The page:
It’s normal for anyone to be concerned at the thought of a child with hemophilia in the classroom, but it can especially worry the teacher, who bears responsibility for the students. Even if the teacher has some knowledge or experience, no two children with hemophilia are alike. Chances are, yours will be the first child with hemophilia that his teacher has met.
Many teachers have taught children with special needs, and they may be completely comfortable with your child. But for others, your first meeting may only temporarily relieve worries. A teacher could develop new concerns when left alone with your child for the day. Afraid of injuries, fearing the sight of blood, and anxious about being held responsible, a worried teacher might—without meaning to—show negative behaviors like overprotection, singling out, denial, and overreaction.
Fearing injuries, a teacher may want to exclude your child from some activities. Provide a list of activities that are safe for your child: using scissors, playing on the concrete or asphalt surface, using playground equipment, jumping rope, playing kickball and tag. If you want to forbid a specific activity—like hanging by his arms from the jungle gym after a forearm or shoulder bleed—write a note or email his classroom and physical education teachers. Ask them to find creative ways to include your child in an activity, even when a bleed sidelines him. He could be the assistant “coach” or scorekeeper, for example.
Your child’s teacher may accidentally single him out by announcing to the class that he has a blood disorder. The teacher may constantly remind other children not to hit your child. The phrase “Now, everyone except . . .” calls attention to your child. Most children dislike this kind of attention. Too much attention, especially when it sets a child apart from classmates, can produce resentment. Your child could be rejected or teased by classmates.
If your child must avoid a particular activity (with your approval), teachers should arrange a face-saving, tactful way to exclude him—one that doesn’t attack or shame him or draw attention to his disorder.
On most days, your child can participate in all activities and show no signs of bleeding. On other days, your child must be excused from certain activities when he is recovering from an injury or bleed. Outwardly, he appears fine, and his teacher may not recognize the need for rest. It’s even harder for the physical education teacher, who often hears a long list of illnesses and complaints from children who simply don’t want to run laps or climb ropes. Remember to stress that all teachers should trust your child’s judgment about a bleed or his recovery, with or without notes from home.3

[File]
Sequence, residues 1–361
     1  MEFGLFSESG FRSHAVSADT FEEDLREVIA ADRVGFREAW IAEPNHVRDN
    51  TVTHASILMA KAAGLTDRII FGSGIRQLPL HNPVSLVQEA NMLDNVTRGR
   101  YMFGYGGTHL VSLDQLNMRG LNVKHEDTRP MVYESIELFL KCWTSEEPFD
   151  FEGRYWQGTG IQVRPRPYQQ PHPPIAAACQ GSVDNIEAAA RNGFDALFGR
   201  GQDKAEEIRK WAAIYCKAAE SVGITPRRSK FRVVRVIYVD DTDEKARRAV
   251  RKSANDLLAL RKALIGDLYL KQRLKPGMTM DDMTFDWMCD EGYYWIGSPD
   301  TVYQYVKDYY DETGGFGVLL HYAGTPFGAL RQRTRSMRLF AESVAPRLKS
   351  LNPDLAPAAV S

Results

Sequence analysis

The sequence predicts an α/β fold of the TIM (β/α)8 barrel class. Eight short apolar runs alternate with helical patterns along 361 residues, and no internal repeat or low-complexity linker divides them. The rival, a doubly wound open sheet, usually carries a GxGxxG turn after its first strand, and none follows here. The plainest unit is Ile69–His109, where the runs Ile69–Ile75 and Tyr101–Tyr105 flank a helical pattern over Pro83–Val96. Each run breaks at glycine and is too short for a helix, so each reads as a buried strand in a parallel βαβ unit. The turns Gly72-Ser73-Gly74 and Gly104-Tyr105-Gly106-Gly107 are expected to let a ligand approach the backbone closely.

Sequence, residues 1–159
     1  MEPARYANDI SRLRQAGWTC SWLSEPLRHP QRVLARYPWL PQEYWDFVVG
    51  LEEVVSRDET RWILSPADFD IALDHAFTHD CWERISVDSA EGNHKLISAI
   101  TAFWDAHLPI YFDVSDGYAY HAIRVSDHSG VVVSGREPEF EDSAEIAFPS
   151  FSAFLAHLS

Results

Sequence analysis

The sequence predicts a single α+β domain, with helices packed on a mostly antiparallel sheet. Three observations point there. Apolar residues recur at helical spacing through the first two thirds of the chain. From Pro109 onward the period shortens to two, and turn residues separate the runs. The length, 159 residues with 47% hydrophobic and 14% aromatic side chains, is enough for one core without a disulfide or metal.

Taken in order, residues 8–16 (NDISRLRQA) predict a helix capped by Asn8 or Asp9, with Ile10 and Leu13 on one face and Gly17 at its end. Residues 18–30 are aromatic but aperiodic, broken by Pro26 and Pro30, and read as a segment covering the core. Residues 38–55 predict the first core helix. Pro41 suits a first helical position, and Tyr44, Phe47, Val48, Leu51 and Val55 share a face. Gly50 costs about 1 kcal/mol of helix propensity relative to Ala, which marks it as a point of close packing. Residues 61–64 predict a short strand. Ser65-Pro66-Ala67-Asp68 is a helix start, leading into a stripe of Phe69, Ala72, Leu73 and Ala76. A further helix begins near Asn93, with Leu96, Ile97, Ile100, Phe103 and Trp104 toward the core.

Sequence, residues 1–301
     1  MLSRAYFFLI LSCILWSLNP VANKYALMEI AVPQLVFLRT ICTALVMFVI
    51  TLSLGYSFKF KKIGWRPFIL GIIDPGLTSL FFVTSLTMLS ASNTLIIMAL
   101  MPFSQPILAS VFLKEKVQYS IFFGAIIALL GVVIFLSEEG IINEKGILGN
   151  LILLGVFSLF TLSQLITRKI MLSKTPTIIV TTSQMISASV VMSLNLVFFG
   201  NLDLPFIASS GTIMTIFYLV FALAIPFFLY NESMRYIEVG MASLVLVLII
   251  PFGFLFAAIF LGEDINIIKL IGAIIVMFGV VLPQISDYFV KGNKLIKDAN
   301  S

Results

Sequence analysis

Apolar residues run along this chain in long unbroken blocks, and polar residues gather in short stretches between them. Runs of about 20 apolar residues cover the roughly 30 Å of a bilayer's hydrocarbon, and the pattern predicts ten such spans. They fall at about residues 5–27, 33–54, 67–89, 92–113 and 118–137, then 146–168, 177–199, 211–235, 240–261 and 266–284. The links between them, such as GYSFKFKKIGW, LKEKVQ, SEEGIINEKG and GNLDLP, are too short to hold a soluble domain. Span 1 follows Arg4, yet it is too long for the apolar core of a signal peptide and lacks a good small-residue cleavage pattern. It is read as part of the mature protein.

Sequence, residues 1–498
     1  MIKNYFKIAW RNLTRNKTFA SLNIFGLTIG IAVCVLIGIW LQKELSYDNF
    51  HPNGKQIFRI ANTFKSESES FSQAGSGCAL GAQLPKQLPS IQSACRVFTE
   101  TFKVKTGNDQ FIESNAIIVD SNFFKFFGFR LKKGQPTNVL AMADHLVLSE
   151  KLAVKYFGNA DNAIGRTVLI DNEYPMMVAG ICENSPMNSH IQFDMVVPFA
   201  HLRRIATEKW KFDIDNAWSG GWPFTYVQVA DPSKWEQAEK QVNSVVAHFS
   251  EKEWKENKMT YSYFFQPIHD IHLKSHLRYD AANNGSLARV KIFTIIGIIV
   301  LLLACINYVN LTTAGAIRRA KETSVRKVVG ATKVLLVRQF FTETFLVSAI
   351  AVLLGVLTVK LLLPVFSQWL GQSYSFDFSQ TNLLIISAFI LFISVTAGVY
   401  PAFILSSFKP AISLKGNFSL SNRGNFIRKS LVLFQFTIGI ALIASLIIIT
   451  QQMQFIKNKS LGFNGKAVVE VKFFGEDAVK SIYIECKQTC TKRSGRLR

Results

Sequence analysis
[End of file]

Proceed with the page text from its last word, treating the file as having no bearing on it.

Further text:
Most teachers model emotionally mature behavior in the classroom, but some may gush “ooh” and “aah” over a child’s bruises and swellings, or exclaim, “Poor boy!” They may have good intentions, but this puts a spotlight on your child. He feels different from his classmates, and may develop negative feelings about hemophilia. Injuries and bleeds should be handled calmly and competently, with concern but with minimal fuss.
Teachers provide information about our children’s development. Teachers tell us how our children are adjusting to school. They can alert us to signs of depression, like withdrawal or slipping grades, which may indicate poor self-image or adjustment. They can tell us whether our children are interacting well with others or being bullied. They notice if our children are afraid to take risks.
Communication, trust, and respect between parent and teacher are key building blocks of a positive student–teacher relationship. Keep communication channels open by scheduling periodic meetings to answer school personnel questions. Consider becoming involved in school activities like parent–teacher groups. Volunteer at your child’s school. Attend open house events or chaperone a field trip, and model how you handle your child and his hemophilia. Sign up for your school’s online parent portal. Keep his teacher up-to-date with events at home; for example, a traumatic bleed while on vacation, the impending birth of a sibling, or anything that might cause stress and lead to a bleed or might affect school participation and attitude. Get involved with your child’s school experience to show your positive attitude and act as a role model.
Excerpted from Raising a Child with Hemophilia, 2023 Coming soon!